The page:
Diffuse axonal injuries typically will result a scoring on the Glasgow coma scale (GCS), according to clinical trials conducted by the National Institute of Neurological Disorders and Stroke (NINDS).

Like a Sponge in a Bucket:

Have you ever used a sponge in a bucket of water to wash your car’s exterior, floors and windows? The easiest way I have found to explain how someone can suffer brain damage without a penetrating head injury is to think of the sponge floating in the middle of a bucket of water.

The bucket represents your skull, the water the cerebrospinal fluid that surrounds your brain and the sponge is your brain. If you swing the bucket back and forth, the sponge will tend to float in the center of the bucket. But if you suddenly stop swinging the bucket the sponge will bump against the inside of the bucket, which is characteristic of brain contusions and other forms of bruising.

The same thing can happen to your brain if your head gets whipped back and forth. This type of injury commonly happens in rear-end or head-on collisions where the driver’s or passenger’s head suddenly whips back and forth and stops suddenly, or within just about any motor vehicle accidents in which a passenger wasn’t wearing their seatbelt. This type of sudden stop can cause an array of injuries, including serious spinal cord injuries, but it can also cause contusions in which the individual’s brain bumps up against the inside of the skull.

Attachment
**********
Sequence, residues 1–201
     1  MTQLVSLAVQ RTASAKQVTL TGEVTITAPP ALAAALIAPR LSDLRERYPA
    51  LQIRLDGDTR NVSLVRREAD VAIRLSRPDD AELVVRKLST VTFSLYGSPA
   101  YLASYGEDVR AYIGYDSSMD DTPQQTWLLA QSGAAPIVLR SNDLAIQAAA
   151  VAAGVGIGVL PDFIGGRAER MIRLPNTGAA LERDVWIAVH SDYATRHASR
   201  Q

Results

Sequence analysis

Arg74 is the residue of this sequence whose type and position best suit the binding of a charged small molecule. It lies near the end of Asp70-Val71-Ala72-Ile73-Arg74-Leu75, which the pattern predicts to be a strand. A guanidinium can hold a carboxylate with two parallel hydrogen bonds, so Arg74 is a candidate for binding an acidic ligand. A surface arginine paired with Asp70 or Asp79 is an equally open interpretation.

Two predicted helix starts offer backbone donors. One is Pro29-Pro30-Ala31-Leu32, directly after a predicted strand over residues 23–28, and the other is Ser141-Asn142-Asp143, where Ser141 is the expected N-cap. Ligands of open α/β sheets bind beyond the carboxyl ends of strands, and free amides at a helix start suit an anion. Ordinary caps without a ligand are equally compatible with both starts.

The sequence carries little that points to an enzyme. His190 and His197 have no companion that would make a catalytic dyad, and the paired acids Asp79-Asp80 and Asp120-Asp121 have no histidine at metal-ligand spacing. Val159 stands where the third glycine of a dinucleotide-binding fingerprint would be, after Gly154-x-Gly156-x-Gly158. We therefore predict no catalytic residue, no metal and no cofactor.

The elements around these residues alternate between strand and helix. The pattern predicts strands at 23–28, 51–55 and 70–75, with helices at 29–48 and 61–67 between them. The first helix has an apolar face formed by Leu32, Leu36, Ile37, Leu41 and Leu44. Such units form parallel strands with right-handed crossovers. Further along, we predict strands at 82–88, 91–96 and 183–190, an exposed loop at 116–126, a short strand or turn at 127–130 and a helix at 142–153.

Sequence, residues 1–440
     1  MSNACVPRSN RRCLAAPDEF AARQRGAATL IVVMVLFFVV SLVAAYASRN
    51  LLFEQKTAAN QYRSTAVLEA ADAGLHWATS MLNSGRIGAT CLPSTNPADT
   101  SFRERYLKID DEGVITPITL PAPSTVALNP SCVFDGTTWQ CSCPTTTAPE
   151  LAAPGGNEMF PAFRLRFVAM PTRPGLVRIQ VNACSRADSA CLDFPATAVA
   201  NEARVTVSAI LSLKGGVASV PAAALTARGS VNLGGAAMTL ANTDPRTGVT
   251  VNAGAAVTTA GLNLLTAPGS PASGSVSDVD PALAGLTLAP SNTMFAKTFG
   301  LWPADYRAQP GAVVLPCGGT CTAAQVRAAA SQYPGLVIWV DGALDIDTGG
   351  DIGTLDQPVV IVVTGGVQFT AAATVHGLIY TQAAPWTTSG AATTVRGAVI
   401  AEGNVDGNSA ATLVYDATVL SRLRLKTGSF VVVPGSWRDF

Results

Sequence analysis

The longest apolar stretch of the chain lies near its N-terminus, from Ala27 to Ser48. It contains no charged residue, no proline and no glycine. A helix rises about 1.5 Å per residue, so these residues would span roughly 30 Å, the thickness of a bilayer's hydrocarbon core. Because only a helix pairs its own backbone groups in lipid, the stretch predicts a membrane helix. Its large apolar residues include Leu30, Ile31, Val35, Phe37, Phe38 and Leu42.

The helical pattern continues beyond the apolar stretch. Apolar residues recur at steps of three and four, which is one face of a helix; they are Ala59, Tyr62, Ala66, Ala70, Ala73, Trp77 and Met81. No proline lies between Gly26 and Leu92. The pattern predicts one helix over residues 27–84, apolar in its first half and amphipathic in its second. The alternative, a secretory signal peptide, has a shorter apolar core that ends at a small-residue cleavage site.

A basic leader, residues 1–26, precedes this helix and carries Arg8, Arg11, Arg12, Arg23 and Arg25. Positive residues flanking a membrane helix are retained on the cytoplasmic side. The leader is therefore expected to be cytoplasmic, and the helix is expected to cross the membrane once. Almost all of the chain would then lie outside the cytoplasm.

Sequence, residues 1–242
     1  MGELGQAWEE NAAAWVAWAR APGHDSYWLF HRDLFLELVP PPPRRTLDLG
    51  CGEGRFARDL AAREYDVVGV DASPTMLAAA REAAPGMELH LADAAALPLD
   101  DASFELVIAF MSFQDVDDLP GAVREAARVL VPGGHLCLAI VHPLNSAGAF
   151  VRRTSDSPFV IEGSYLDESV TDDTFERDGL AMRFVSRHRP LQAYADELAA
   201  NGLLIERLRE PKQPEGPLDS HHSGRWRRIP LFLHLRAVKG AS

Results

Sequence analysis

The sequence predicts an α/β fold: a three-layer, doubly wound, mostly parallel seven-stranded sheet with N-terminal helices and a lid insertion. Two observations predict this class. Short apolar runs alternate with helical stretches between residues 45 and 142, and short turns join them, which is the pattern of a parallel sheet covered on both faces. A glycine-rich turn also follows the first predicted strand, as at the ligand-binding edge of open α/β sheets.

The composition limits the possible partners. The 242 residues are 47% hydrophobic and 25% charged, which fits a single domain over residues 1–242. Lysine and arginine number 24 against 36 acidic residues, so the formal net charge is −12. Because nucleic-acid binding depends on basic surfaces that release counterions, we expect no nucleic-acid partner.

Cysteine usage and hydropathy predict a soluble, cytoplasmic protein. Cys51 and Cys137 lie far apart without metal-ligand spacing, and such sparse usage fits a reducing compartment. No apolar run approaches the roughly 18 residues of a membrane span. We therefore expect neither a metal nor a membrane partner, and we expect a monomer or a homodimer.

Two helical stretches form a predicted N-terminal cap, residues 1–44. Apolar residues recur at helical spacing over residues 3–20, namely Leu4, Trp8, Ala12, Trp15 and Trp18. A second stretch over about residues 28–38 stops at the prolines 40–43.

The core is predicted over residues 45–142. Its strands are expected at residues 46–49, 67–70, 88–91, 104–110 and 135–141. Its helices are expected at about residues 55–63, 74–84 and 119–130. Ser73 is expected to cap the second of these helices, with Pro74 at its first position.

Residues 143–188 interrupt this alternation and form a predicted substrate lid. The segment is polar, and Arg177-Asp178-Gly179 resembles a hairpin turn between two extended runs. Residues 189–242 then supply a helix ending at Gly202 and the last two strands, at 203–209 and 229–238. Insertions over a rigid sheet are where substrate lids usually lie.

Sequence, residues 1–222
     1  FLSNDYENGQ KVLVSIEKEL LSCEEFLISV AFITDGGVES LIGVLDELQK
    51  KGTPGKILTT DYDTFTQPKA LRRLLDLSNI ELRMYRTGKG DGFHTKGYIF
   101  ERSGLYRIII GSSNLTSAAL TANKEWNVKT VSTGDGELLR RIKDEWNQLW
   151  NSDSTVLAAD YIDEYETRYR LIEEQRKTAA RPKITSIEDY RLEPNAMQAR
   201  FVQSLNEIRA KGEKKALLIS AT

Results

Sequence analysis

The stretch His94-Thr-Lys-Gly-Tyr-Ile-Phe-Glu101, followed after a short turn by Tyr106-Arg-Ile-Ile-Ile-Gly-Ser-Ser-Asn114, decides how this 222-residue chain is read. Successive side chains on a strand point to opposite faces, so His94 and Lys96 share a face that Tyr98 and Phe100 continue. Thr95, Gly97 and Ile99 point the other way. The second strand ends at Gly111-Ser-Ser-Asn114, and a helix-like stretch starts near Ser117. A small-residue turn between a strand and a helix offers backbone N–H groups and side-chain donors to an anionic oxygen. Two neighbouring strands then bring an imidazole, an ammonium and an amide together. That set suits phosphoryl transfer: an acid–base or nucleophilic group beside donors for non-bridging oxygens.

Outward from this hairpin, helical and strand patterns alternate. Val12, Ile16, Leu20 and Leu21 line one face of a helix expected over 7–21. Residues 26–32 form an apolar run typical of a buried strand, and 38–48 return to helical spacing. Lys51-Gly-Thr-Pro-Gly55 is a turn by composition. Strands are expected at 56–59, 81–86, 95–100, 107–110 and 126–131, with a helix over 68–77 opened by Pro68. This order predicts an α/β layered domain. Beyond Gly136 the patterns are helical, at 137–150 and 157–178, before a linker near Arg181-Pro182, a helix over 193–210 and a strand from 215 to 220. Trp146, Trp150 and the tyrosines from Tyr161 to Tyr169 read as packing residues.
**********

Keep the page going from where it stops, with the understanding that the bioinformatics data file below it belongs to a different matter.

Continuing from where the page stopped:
Serious brain damage can occur in the area of impact, and can even lead to more cranial issues like a subdural hematoma and blood clots.  Computed tomography can help TBI patients better know what exactly happened to them when they didn’t hit their head but are experiencing many common symptoms associated with mild traumatic brain injuries.

So it is possible to seriously injure your brain without hitting your head and without ever losing consciousness. The National Institutes of Health has stated that the best way to prevent severe traumatic brain injuries of all types is through injury prevention, so it’s absolutely imperative to always wear your seatbelt and make sure that older adults have care providers looking after them each and every day! 

How Do I Know if I Have Suffered a Traumatic Brain Injury?

Sometimes head trauma and brain damage are so significant to the point that the TBI is obvious. But there are countless other cases, especially when the person has not hit their head or not lost consciousness, in which the brain damage may be so subtle that the symptoms of brain injury are not immediately apparent.

On my website, I have listed the most common symptoms of traumatic brain injury. If you or a loved one have been in an accident and are suffering from any of the symptoms listed here, it’s very important that you seek medical attention. 

Explain to your doctor that you have been injured, explain how the injury happened, and tell your doctor about the symptoms you’re experiencing. Your doctor can then decide the most appropriate way to treat your head injury and let you know what your next treatment steps should be to properly heal your TBI.
If you are looking for a Nova Scotia Brain Injury Lawyer you can contact me through this blog for a free copy of my book, The Survivors Guide to Brain Injury Claims: How to prove the invisible injury, or by calling me toll free at 1-877-423-2050.